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Codifying non-financial misconduct is slow but important

Author: ICAEW Insights

Published: 03 May 2022

Fine for Lloyd’s syndicate member highlights need for firms to tackle issues such as harassment, bullying and sexual misconduct and ensure they have procedures in place to deal with cases as they arise.

In March Lloyd’s set a record fine of more than £1m for Atrium Underwriters for bullying and harassment, the largest fine it has imposed for misconduct. An employee engaged in a “systematic campaign of bullying against a junior employee over a number of years”; Atrium failed to deal with the case adequately and to notify Lloyd’s.

It also noted that Atrium’s senior male managers organised an annual event where a culture of heavy drinking, initiation games and sexual remarks about female staff were normalised. The ‘lad’s night out’ was an annual event up until 2018, and Lloyds in its role as a regulator of the insurance industry censured at least two senior members of staff for a culture of bullying and intimidation of junior staff at the event.

Lloyd’s of London had been under pressure since 2019 about its workplace culture, after one in 10 of 6,000 staff surveyed (out of a possible 46,000) said they had witnessed sexual harassment there.

The FCA issued a Dear CEO letter in 2020 to tackle the issue, after the widespread sexual harassment issue was widely publicised and drew attention to their relative inaction so far.

“How a firm handles non-financial misconduct throughout the organisation, including discrimination, harassment, victimisation and bullying, is indicative of a firm’s culture,” wrote Jonathan Davidson, Executive Director of Supervision, Retail and Authorisations.

Tellingly for the area, Davidson also went on to say that although work had been undertaken in the market to tackle the issue of non-financial misconduct, “it continues to be prevalent and will be a key focus for our supervision of firms and of senior managers”.

The fine is significant then as the first fine of its nature towards misogynistic non-financial misconduct and will be a marker for the insurance industry.

“It’s probably a precedent for Lloyds, but we don’t know what the FCA will do next. We are seeing more and more about how non-financial misconduct is dealt with among the professions,” said Philippa Kelly, former ICAEW Director, Financial Services.

Other cases

In comparison to other City regulators, the FCA’s fines in this area of non-financial misconduct concerned the more stigmatised crimes of accessing child pornography and convictions for assault.

The Lloyd’s fine serves as a comparator for other regulators across the Square Mile in an age where sexual misconduct is becoming more observed and therefore codified. A source told ICAEW Insights that the legal service regulator’s new guidance, which includes guidance for all lawyers regulated under the SRA and the Bar, includes sexual misconduct.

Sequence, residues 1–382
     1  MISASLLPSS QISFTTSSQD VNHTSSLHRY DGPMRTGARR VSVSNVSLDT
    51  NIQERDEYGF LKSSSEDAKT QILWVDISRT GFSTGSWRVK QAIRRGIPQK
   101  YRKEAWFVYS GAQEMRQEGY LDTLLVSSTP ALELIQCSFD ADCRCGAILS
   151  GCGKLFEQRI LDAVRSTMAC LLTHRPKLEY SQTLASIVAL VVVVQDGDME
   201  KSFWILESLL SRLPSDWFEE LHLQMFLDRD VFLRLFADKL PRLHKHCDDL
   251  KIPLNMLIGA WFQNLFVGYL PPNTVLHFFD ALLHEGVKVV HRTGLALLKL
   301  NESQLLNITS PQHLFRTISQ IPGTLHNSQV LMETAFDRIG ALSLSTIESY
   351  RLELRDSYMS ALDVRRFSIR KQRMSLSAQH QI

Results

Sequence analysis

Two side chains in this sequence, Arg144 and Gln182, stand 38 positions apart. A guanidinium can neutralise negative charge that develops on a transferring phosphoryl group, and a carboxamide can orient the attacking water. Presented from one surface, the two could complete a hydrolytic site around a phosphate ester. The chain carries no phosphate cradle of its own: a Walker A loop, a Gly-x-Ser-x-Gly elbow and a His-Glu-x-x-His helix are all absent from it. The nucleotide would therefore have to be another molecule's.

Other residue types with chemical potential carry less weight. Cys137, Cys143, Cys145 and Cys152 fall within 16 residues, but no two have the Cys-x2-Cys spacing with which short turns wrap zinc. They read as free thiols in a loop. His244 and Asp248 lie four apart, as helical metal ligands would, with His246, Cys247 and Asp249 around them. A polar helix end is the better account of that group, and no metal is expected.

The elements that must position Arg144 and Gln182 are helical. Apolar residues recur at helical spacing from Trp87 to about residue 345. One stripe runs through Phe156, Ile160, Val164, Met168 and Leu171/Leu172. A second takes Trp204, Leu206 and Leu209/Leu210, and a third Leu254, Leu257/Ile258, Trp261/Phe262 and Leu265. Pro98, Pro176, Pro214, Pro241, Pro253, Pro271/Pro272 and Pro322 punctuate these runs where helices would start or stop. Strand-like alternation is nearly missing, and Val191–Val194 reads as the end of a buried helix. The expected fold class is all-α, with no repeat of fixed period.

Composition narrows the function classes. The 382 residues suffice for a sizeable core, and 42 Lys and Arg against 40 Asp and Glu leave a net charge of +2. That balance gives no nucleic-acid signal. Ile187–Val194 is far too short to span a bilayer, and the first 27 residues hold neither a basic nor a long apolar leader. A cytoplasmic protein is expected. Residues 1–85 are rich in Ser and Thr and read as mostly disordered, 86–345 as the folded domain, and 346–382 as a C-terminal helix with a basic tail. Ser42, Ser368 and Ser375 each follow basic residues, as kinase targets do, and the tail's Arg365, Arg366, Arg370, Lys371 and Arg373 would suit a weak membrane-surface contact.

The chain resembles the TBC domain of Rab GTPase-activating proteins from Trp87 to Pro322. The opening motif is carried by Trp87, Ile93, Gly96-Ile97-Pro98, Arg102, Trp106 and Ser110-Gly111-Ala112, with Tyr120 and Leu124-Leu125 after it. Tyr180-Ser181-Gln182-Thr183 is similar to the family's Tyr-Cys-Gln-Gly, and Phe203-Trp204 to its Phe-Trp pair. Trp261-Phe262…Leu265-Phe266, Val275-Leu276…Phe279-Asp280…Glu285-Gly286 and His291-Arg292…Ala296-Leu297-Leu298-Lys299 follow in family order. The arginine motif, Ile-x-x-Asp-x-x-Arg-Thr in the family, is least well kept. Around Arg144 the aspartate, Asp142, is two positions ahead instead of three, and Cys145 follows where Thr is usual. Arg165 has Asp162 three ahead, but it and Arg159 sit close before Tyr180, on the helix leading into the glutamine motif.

But there are also nuances.

ICAEW itself decided not to exclude a senior EY partner who harassed a junior on a work ski trip, citing it as a one-off and stating that there was sufficient evidence that it would not happen again. The partner was severely reprimanded and fined £7,000.

In comparison to the Lloyds fine, where the behaviour and event was sanctioned by management and a regular occurrence, this was seen as an isolated mistake rather than part of a culture of misconduct.

“Firms are moving away from simply assuming people know how to behave, and know what’s appropriate,” said Kelly. “It’s easier for regulators to seek assurances from firms that they have the processes and procedures in place where there is some sort of codification. It can also give a clue to the less tangible things for supervisors to consider in terms of culture.”

Defining the area

In conversation with ICAEW, Nikesh Pandit, Barrister at 4-5 Gray’s Inn Square and Financial Services Faculty board member, said the key issue was to understand the type of conduct that falls within non-financial misconduct.

“The term really includes personal misbehaviour, such as sexual misconduct, sexual harassment, discrimination and bullying that’s committed inside or indeed outside the workplace. The recent focus has been on conduct largely relating to integrity rather than financial dishonesty. We’re seeing the FCA increasing its focus on that kind of conduct,” he said.

Megan Butler, who in 2018 was the FCA’s Executive Director for supervision, responded to a House of Commons paper that sexual harassment and other forms of non-financial misconduct can amount to a breach of the FCA’s conduct rules, which included the requirement to act with integrity.

Christopher Willard, then the Executive Director of Strategy and Competition, went further and gave a speech after that where he said non-financial misconduct is misconduct, plain and simple.

Pandit said individuals should become more mindful about non-financial misconduct both inside and outside of work: “I think the whole inside or outside work is quite interesting at the moment, because obviously, due to COVID-19, a lot more of us are working from home and those boundaries between work and home are blurred.” 

Good advice would be for accountants to remind themselves about relevant policies and procedures at work in this area, including those regarding diversity and inclusion, social media policies, whistleblowing policies, and reporting obligations.

“I think, as regulators grapple more with this area, there will be more guidance,” said Pandit. “I think it’s a duty of regulated professionals to keep on top of that guidance; it’s not just something that they should wait for their employers to put out there – there’s a real need to stay on top of matters that are coming out from the regulator if you’re a regulated professional.”

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